Most patients will experience few, if any, complications but it is important to be aware of possible problems.
Bleeding: Bleeding may occur after surgery (usually within 12 hours of the operation). A very small amount of bleeding is not uncommon but anything more than this may mean that you need another short operation to stop the bleeding (or rarely, a blood transfusion).
Infection: You will usually be given antibiotics at the time of surgery as a precaution against infection. If the wound becomes infected, you may require a further course of antibiotics. If an abscess develops in the breast, you may require a second short operation to drain it.
Failure of blood supply to nipple: Rarely, problems arise with the blood supply to the nipple which could be lost if this occurred. Usually, it would be possible to have further surgery to reconstruct the nipple.
Size and Symmetry (balance or proportion of size): You should indicate to your surgeon what breast size you would ideally like to be. The average size after a breast reduction is a “C” cup but this can vary according to your size before the operation. The final cup size cannot be guaranteed.
The breasts may not be symmetrical following the procedure. One may be slightly larger than the other, or one nipple slightly higher than the other.
Fullness of tissue under the arms is not always corrected by this surgery.
As time passes the breasts may change shape, tending to lie lower on the chest wall. This happens as part of the normal ageing process.
Nipple sensitivity: The nipple sensitivity may be affected. It can become less sensitive or, very rarely, more sensitive.
Delayed wound healing: Breasts have very little natural support and the wounds are under tension following this surgery. It is not uncommon for the “T junction” i.e. the area where the vertical scar from the nipple meets the curved scar in the crease of the breast, to be slow to heal.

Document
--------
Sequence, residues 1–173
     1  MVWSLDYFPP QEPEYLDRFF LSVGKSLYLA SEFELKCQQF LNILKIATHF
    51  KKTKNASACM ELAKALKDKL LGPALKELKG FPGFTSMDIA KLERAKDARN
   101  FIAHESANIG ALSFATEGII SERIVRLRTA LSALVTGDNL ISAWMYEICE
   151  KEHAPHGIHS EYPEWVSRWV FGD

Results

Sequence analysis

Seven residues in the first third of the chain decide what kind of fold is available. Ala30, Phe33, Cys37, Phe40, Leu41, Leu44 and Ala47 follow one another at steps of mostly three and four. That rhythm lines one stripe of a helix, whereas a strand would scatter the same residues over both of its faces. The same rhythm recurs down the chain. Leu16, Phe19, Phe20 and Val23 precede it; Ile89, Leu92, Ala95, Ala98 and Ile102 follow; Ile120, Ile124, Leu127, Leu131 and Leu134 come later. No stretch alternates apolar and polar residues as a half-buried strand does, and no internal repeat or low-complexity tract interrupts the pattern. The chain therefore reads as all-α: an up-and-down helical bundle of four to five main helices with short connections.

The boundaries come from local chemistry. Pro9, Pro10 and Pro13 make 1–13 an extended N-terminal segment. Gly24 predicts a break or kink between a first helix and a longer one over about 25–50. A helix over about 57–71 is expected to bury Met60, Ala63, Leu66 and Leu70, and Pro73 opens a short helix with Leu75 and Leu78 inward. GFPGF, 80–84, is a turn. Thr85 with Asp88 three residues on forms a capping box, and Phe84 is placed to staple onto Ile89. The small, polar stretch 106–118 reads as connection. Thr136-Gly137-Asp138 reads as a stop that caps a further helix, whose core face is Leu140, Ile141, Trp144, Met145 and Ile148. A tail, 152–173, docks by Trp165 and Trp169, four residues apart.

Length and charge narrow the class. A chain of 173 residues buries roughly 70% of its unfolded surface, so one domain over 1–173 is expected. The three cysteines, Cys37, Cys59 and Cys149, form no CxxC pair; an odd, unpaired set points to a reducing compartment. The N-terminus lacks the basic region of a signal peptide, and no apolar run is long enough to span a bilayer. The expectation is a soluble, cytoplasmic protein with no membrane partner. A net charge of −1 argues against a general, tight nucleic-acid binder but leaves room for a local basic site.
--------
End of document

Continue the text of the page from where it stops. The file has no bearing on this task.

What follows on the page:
Scars: All scars become red and raised initially and then begin to settle after a 12-month period. Occasionally, the scars can become red and raised permanently and can itch. These are known as hypertrophic, or keloid, scars and are difficult to treat. The scars may also stretch. However, once the skin has healed, massage of the scars with non-perfumed moisturising cream for ten minutes, four times a day, will help the scars to fade.
Fat necrosis: Occasionally you may develop small lumps or nodules within the remaining breast tissue. This happens when the blood supply to a small area of fat is reduced and the fat breaks down into either a fluid collection or scar tissue.
It is not harmful to you but all breast lumps should be reported to your doctor to rule out any more serious cause.
Pregnancy and Breastfeeding: Pregnancy after this surgery may alter the shape and size of the reduced breasts. You may be advised to have this procedure done when you think that your family is complete.
There is no guarantee that breastfeeding will be possible after this procedure and the probability will depend on the technique used during the operation. You can discuss this with your surgeon.
If you require any further information or advice, please contact any of the following:
Plastic Surgery Breast Nurse RVI
(Monday to Friday 8am – 5pm)
Telephone: (0191) 282 0194
Sister or Nurse in Charge – Plastic Surgery Outpatient Department RVI
(Monday to Friday 8am – 5pm)
Telephone: (0191) 282 4228
Sister or Nurse in Charge – Ward 47 RVI
(at any time)
Telephone: (0191) 282 5647